Editor: How can an experienced attorney in the energy and project finance arena help guide a client through the process of securing financing?
Hoffmann: For five years I ran a small project development company so that I understand both sides of the equation. There are certain fundamental basics that any good lawyer will follow but there are two things that many project development lawyers often fail to do. One is to understand the client's development and construction schedule and take the initiative to integrate it with the regulatory plan and due diligence schedule, pushing beyond the boundaries of lawyering and becoming a part of the development team. Then the lawyer should protect the development schedule by issuing warning alerts and red flags when he sees regulatory activity or contract delays that will impact the schedule. That is important since in the development and construction budgets, the assumptions about debt costs and interest rates all depend on the schedule. Getting way behind schedule can kill a project even if it was fundamentally sound at the beginning.
The second thing that lawyers do not often do is understand the project's economic model, something some clients do not want to share with their lawyers but which I try to insist upon. The reason that the lawyer has to understand the economic model is that client assumptions are buried inside it - assumptions about tax structure, risk allocation, construction costs, lender behavior, anticipated lender behavior, debt service coverage - all of that is inside the model. If you are going to integrate those things with project documents, you have to find them in the model. The models for most developers are done by the least experienced people at an entry level in the company, which can lead to miscommunication.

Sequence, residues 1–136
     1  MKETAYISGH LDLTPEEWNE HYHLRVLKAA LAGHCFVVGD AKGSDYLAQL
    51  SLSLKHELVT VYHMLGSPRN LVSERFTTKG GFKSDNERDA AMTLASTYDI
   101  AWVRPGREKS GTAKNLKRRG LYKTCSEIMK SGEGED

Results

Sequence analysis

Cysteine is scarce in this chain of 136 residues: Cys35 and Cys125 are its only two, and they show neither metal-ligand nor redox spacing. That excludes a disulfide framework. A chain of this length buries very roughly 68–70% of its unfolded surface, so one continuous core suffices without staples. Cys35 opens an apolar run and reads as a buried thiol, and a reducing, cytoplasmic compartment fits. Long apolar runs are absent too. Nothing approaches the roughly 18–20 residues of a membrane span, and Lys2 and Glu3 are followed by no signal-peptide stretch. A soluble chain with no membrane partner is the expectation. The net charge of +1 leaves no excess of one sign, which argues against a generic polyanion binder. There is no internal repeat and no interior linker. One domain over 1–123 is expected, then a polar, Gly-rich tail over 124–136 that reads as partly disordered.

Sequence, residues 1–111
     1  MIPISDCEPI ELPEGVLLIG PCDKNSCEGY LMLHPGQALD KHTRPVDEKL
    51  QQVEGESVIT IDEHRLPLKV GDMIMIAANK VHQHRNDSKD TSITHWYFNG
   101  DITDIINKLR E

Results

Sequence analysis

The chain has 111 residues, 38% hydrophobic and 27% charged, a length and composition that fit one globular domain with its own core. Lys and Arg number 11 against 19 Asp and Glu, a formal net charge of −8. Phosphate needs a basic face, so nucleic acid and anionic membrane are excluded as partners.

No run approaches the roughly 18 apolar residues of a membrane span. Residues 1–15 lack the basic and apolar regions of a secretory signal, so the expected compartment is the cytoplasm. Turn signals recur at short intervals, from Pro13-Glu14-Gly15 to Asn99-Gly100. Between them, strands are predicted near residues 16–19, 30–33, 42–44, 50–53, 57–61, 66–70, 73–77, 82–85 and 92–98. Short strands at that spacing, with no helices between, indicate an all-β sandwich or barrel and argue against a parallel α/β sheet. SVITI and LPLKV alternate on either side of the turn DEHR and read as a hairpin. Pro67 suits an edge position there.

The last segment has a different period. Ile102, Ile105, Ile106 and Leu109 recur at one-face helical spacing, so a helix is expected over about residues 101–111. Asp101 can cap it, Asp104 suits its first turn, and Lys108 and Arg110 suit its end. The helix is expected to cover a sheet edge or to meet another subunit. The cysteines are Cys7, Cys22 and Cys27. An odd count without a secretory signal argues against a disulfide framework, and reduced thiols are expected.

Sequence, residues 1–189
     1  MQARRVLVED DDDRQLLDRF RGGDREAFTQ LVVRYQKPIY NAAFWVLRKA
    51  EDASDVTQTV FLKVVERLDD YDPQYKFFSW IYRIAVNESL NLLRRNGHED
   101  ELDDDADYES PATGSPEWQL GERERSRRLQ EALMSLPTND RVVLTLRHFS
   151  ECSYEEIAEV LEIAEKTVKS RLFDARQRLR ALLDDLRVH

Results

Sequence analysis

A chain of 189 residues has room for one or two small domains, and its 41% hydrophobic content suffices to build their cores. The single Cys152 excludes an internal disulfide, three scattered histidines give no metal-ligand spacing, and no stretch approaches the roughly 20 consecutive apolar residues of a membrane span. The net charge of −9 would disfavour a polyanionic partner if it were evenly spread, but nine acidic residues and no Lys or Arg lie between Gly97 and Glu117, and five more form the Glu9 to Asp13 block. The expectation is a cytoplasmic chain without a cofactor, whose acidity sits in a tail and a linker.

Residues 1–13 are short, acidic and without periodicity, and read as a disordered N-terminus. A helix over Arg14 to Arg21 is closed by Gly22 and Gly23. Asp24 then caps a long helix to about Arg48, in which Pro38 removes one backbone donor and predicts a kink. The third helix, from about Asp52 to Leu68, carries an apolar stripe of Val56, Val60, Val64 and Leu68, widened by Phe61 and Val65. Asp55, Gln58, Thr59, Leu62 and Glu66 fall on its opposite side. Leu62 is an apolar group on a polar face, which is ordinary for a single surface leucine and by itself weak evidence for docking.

You need to watch the regulatory cutting edge. Permits for coal-fired projects are a particular challenge because the environmental opposition for coal-fired plants means that each project, all over the U.S., has to perform at least as well as the project most recently permitted anywhere in the country. You are chasing a moving target.
Contracts need to be a tight fit in keeping with the requirement that non-recourse financing for renewable and coal-fired projects is back in force. It is a discipline that any energy project finance lawyer knows if he has been doing this for any length of time. The final point is to be a pessimist - something clients do not like. Developers are optimists and they like to work with optimists but clients appreciate pessimism in the end. The lawyer's job is not to be the cheerleader.